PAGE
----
The US Supreme Court ruled for a criminal defendant on what counts as a “crime of violence,” in a decision that affects federal gun cases with mandatory-minimum sentences.
In a 7-2 decision, the court held an attempted Hobbs Act robbery does not qualify as a “crime of violence” because no element of the offense requires proof that the defendant used, attempted to use, or threatened to use force. The Hobbs Act punishes robbery or extortion affecting interstate or foreign commerce.
Federal law 18 U.S.C. 924(c) punishes carrying or using a gun during a crime of violence, defined as one that has “as an element the use, attempted use, or threatened use of physical force against the person or property of another.” Convictions under that law run consecutively to other sentences and carry five-year minimums.
The case stemmed from the federal prosecution of Justin Taylor. He was charged after planning a robbery of a marijuana buyer in 2003, during which his accomplice shot the buyer, who died. Taylor and the accomplice fled without the money.
Under a plea agreement, Taylor was convicted of Hobbs Act conspiracy and a crime of violence under 924(c). Taylor was sentenced to 20 years on the conspiracy and another 10 for the crime of violence.
Breaking with other circuits, the US Court of Appeals for the Fourth Circuit vacated Taylor’s 924(c) conviction. The offense doesn’t count as a crime of violence because attempted Hobbs Act robberies don’t invariably involve the use, attempted use, or threatened use of physical force, the Fourth Circuit said.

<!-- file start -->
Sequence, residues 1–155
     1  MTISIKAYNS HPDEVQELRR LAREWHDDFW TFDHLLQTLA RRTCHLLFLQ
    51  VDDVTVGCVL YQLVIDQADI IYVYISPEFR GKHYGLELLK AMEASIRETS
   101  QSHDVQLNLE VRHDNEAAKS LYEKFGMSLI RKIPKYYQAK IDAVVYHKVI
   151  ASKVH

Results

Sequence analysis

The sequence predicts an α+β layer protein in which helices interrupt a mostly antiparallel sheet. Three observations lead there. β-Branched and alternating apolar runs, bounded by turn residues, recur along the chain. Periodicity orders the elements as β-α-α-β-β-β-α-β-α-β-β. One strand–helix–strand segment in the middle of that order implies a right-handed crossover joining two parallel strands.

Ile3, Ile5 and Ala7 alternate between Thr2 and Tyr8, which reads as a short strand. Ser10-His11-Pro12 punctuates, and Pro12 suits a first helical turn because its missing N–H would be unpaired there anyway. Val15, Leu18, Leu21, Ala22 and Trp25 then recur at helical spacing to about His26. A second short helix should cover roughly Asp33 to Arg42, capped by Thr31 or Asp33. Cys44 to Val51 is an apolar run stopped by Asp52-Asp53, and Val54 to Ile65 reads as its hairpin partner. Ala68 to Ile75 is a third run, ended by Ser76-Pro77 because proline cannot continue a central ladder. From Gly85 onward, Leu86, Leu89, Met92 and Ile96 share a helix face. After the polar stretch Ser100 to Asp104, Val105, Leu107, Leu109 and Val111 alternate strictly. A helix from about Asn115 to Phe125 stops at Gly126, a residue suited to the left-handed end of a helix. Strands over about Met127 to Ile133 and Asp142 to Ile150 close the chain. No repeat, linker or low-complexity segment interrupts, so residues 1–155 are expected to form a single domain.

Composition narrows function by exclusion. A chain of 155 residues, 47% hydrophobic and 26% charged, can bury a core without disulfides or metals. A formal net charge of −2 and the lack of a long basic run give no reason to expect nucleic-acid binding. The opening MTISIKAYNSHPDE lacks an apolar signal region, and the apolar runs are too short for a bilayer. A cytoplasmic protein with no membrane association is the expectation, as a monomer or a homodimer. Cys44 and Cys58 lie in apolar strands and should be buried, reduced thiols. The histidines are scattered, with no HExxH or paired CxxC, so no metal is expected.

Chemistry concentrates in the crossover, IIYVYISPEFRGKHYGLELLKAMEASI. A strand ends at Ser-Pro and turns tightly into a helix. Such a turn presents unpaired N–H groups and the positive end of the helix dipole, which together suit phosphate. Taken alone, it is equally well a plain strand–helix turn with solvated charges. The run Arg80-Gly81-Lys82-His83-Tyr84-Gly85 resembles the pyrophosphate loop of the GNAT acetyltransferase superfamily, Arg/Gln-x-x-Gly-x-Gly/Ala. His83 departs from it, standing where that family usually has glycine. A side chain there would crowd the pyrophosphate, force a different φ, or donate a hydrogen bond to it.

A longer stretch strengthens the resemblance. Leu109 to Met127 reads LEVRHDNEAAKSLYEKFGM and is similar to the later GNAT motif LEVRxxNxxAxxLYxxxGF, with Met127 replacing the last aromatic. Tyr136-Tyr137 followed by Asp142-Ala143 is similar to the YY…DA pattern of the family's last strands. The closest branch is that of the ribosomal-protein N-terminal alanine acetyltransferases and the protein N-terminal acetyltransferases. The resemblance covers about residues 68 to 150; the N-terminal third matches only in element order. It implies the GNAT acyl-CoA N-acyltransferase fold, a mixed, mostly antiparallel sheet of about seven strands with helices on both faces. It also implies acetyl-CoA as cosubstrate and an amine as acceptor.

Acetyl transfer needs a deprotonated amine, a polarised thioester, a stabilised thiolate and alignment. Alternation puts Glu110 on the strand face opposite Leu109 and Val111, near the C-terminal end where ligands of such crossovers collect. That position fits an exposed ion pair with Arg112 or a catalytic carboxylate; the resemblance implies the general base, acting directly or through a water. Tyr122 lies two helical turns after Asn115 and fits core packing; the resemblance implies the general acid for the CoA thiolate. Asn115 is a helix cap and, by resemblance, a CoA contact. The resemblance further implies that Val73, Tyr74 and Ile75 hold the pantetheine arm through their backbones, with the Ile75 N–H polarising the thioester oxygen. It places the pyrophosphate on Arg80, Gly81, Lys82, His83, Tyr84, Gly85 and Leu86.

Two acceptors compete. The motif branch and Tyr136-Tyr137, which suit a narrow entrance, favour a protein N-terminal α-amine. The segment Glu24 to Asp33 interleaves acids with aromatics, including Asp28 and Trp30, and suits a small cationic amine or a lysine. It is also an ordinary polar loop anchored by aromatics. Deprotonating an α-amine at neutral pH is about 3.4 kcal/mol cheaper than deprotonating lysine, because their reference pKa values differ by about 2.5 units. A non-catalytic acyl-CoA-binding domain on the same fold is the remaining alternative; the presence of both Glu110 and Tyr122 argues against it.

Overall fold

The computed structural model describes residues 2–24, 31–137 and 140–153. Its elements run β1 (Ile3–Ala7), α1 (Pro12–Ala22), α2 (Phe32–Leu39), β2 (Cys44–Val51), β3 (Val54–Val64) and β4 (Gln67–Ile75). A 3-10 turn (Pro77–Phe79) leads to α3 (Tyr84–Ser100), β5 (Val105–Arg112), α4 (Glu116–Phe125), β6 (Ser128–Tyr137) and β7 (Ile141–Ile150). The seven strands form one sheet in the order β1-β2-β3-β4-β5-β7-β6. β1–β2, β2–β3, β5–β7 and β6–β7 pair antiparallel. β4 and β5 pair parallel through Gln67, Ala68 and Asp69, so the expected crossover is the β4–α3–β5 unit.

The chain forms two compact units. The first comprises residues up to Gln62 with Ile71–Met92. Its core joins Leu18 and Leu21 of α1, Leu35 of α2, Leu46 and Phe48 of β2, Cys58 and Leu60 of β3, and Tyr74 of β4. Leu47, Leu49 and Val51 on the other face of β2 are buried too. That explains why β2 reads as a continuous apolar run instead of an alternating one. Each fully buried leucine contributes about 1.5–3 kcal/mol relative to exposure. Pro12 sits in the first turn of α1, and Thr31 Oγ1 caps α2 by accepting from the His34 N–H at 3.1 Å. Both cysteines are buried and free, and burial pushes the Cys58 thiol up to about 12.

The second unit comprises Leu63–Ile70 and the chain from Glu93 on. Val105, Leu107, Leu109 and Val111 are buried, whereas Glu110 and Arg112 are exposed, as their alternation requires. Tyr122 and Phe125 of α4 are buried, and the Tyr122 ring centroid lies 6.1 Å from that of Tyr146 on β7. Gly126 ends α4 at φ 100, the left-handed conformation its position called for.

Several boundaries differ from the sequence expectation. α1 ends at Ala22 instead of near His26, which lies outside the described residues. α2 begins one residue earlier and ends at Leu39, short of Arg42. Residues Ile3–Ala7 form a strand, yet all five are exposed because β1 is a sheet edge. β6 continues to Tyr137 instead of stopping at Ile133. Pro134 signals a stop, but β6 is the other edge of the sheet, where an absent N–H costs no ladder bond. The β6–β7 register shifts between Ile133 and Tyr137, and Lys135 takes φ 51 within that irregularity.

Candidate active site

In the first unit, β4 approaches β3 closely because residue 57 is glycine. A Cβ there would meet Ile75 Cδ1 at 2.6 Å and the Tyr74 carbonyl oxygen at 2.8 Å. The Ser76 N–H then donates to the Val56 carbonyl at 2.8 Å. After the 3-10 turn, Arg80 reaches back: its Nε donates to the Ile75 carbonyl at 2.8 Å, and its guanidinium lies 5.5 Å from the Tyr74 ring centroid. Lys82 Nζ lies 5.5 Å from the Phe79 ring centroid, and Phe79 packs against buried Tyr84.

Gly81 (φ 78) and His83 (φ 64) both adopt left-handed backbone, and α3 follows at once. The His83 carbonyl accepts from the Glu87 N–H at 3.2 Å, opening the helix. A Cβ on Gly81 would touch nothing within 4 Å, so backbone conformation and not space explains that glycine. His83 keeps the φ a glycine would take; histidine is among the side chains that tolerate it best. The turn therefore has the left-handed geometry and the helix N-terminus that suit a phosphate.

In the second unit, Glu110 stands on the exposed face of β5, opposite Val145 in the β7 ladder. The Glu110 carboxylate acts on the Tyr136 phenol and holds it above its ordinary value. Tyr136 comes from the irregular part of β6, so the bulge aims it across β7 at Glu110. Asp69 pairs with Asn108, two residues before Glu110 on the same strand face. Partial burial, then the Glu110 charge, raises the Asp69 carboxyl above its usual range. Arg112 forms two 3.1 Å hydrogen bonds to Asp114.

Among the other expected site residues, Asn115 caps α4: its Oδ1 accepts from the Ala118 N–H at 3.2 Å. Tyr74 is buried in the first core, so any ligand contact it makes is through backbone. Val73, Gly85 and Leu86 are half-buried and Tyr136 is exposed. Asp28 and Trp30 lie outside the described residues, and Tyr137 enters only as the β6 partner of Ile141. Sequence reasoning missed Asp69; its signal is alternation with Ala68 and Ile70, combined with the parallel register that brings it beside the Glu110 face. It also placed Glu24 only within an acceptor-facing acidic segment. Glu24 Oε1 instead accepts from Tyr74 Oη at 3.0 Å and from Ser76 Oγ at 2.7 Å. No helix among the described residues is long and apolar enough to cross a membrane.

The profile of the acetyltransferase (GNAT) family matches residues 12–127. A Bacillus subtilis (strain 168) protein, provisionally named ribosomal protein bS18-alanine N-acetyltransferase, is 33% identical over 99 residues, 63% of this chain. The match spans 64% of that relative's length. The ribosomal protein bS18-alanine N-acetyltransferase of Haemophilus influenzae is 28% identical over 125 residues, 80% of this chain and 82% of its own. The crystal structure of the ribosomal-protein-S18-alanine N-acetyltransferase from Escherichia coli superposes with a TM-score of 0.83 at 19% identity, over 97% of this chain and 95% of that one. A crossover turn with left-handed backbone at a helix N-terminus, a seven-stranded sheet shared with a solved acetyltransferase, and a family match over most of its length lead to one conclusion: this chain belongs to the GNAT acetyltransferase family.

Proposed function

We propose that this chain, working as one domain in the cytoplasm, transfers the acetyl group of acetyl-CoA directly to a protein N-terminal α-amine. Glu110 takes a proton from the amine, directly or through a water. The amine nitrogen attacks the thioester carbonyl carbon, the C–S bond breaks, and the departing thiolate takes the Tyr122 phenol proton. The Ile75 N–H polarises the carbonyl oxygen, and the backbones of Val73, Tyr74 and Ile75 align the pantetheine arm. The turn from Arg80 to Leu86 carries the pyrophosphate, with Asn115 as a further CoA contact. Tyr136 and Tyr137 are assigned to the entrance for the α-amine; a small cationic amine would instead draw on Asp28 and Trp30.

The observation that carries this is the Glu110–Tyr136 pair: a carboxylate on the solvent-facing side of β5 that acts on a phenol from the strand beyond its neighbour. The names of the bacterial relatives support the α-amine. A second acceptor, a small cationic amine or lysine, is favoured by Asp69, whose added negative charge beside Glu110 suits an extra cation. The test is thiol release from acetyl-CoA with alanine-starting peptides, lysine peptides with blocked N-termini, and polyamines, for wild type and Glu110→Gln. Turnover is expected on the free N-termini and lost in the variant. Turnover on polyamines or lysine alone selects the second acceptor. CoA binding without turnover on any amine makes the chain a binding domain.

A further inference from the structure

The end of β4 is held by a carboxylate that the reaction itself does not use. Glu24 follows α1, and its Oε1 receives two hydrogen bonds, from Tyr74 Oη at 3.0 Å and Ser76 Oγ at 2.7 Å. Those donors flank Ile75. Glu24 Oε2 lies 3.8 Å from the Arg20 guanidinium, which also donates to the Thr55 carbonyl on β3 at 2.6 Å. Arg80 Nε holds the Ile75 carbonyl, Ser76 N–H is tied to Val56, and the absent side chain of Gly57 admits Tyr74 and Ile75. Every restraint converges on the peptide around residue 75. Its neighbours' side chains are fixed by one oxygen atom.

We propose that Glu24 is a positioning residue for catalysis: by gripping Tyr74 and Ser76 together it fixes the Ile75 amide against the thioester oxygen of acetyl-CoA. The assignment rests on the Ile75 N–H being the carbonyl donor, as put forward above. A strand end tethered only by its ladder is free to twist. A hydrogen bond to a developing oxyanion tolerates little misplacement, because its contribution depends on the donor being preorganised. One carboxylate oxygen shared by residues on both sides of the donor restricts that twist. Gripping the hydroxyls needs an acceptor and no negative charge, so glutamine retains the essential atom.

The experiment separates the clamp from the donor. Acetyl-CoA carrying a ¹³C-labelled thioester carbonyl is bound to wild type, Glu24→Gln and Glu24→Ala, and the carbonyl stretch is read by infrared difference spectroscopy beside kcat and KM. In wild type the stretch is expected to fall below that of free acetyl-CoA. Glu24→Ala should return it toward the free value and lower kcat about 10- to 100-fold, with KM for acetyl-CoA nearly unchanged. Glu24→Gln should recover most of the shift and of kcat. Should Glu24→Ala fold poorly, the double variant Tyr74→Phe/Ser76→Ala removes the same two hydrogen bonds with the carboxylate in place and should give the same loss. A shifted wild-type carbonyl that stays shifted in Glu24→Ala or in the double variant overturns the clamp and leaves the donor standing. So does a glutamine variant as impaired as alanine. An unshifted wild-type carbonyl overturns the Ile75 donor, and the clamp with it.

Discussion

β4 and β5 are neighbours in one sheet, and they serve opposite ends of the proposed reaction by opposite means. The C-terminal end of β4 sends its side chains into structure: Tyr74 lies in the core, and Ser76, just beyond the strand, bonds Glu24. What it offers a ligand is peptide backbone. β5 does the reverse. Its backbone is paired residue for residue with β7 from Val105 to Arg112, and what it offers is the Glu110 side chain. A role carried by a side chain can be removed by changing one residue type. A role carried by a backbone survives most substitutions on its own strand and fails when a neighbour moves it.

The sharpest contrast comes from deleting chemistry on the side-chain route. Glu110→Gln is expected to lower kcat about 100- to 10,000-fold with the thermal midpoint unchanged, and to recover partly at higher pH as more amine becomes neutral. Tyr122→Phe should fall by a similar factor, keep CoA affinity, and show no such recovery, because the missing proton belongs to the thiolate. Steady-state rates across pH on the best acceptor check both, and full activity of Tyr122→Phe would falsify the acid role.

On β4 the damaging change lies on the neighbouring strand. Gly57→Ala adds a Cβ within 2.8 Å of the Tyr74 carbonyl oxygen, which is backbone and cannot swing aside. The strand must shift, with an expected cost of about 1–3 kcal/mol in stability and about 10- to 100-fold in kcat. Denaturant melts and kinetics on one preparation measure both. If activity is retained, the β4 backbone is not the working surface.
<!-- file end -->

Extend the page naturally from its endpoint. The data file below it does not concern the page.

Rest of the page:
The Supreme Court affirmed the Fourth Circuit’s decision. Writing for the majority, Justice Neil Gorsuch said no element of attempted Hobbs Act robbery requires proof that the defendant used, attempted to use, or threatened to use force.
“Mr. Taylor may be lawfully subject to up to 20 years in federal prison for his Hobbs Act conviction. But as the Fourth Circuit recognized, Congress has not authorized courts to convict and sentence him to a decade of further imprisonment under § 924(c)(3)(A),” he said.
In separate dissents, Justice Clarence Thomas and Justice Samuel Alito said they would have reversed the Fourth Circuit’s decision. Thomas said the court’s holding “exemplifies just how this Court’s ‘categorical approach’ has led the Federal Judiciary on a ‘journey Through the Looking Glass,’ during which we have found many ‘strange things.’”
Thomas argued the court applied a narrow categorical approach to 924(c)’s elements clause and nullified the residual clause that would have captured crimes like Taylor’s.
The case is United States v. Taylor, U.S., No. 20-1459.